A lot of companies nowadays use Microsoft Lync for their internal messaging and video conferencing. This internal messaging and videoconferencing saves them a lot of time and travel and it makes it easier to contact colleagues for a short question.

To be able to actually use Lync, a series of powershell scripts need to be executed. These scripts are part of the Lync Server 2013 cmdlets. This blogpost gives some hints and tips to NetIQ users how to enable Lync. This blogpost does not tell you how to configure Lync itself.

Consider the situation that you use NetIQ Identity Manager for creating AD accounts for new employees. You’d want Identity Manager to enable the user for Lync as well. How can we accomplish this ? We already know that NetIQ 4.0.2 has a lot of drivers for connected systems, for example Google Apps, Salesforce.com and Office 365 but no Lync driver.

One of the possible solutions is to use the NetIQ Scripting driver (you need a separate license for this driver). The scripting driver has the ability to start scripts using the event-based model of NetIQ Identity Manager. To do this, the driver captures events in Identity Manager, sends them to a so called ‘Remote Loader’ which starts the script corresponding to the event (add.ps, modify.ps etc).

When a new employee enters the company, he or she will be added to Identity Manager. An AD account will be created for this user and we want to enable Lync as well. Here we have our first challenge. We can only enable Lync for a user when the Domain Controllers (DC’s) have replicated this account to the other DC’s. Otherwise the enabling of the account will fail.

There are several ways in which we can accomplish this and it will depend on your situation which one is best. For example:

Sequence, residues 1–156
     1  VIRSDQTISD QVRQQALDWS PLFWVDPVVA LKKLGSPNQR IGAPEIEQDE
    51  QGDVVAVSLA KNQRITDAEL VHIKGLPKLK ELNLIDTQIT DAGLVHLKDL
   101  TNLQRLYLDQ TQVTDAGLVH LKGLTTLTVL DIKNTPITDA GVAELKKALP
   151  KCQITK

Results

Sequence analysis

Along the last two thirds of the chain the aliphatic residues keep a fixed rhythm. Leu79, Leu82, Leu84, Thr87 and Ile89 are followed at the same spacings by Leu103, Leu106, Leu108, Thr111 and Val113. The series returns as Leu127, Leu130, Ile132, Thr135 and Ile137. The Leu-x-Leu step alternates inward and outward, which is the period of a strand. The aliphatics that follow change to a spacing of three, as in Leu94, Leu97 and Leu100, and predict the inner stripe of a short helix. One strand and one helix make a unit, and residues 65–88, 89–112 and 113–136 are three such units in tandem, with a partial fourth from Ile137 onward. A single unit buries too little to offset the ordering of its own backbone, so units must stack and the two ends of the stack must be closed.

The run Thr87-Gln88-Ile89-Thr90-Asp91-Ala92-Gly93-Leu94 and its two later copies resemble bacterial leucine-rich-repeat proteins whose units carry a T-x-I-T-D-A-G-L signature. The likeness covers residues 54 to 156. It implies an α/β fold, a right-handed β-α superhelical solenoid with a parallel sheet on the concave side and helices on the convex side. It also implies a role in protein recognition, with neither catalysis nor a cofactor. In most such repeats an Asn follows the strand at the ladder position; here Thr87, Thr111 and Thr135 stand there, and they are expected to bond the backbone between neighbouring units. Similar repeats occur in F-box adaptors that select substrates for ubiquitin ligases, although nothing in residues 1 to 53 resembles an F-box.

– You can just use a delay in the scripting driver
– You can use the workorder driver to delay the enable actions
– You can use workflows / entitlements and approvals to delay the enable actions

For this example we use the easiest solution, the delay in the driver. This is quickly implemented and can be a good solution for companies that only have 1 or 2 new employees a day. This is because a driver processes events sequentially. If you have 20 new employees every day it will take 20*[delay] for the last new employee to be enabled.

First of all we need to make sure that the account actually exists in AD. This can be done by scoping the Lync driver on the adding of the DirXML-ADAliasName of the DirXML-Associations attribute. You can also use a password sync event for this. Again this will depend on your actual implementation.

When the AD account exists we use the modify of one of those attributes to start the processing by the Lync driver. First: we want to implement the sleep we talked about. The DirXML policy for this is:

<do-set-local-variable name="sleep-result" scope="policy">
<token-xpath expression="java.lang.Thread:sleep($x_delay)"/>

where the $x_delay is configured as Global Configuration Value.

When the sleep has ended, use the driver to send attribute values to the remote loader (and script) and initialize them in the script using idm_geteventvalue:

$classname = idm_geteventvalue "CLASS_NAME"
$cn = idm_geteventvalue "CN"
$uniqueID = idm_geteventvalue "uniqueID"
$uri = idm_geteventvalue "connectionUri"
$pool = idm_geteventvalue "RegistrarPool"
$policy =  idm_geteventvalue "Policy"
$sourceDN = idm_geteventvalue "SRC_DN"

As you can see we configure the connectionUri and Policy in the scripting driver (using Global Configuration Values) and also send them to the Remote Loader.

Now we have to do the following using the script:

  1. Open a session
  2. Enable the user for Lync Server
  3. Grant a policy to the user
  4. Close the session

this can be done using the following commands:
1. $CSSession = New-PSSession -ConnectionUri "$uri" -Authentication NegotiateWithImplicitCredential -ErrorAction SilentlyContinue if ($CSsession) {Import-PSSession $CSSession}
2. Enable-CSUser -Identity $uniqueID -RegistrarPool "$pool" -SipAddressType emailaddress
3. Grant-CsClientPolicy -Identity $uniqueID -policyname $policy
4. Remove-PSSession $CSSession

It can be wise to put a sleep (Start-Sleep -Second 10) between step 2 and 3.
At the end of the script we want to send a success back to Identity Manager to be able to add an association:

if ($LASTEXITCODE -eq 0) {
idm_setcommand "ADD_ASSOCIATION"
idm_writevalue "ASSOCIATION" "$cn"
idm_writevalue "DEST_DN" "$sourceDN"
idm_statussuccess "Add event succeeded"
else {
idm_statuserror "Add event failed with error code $LASTEXITCODE"

Well, there you have it. A lync enabled account,, an association on the user object in Identity Manager and last but not least: a happy employee because there is no need for requesting basic functionality via portals and/or servicedesks.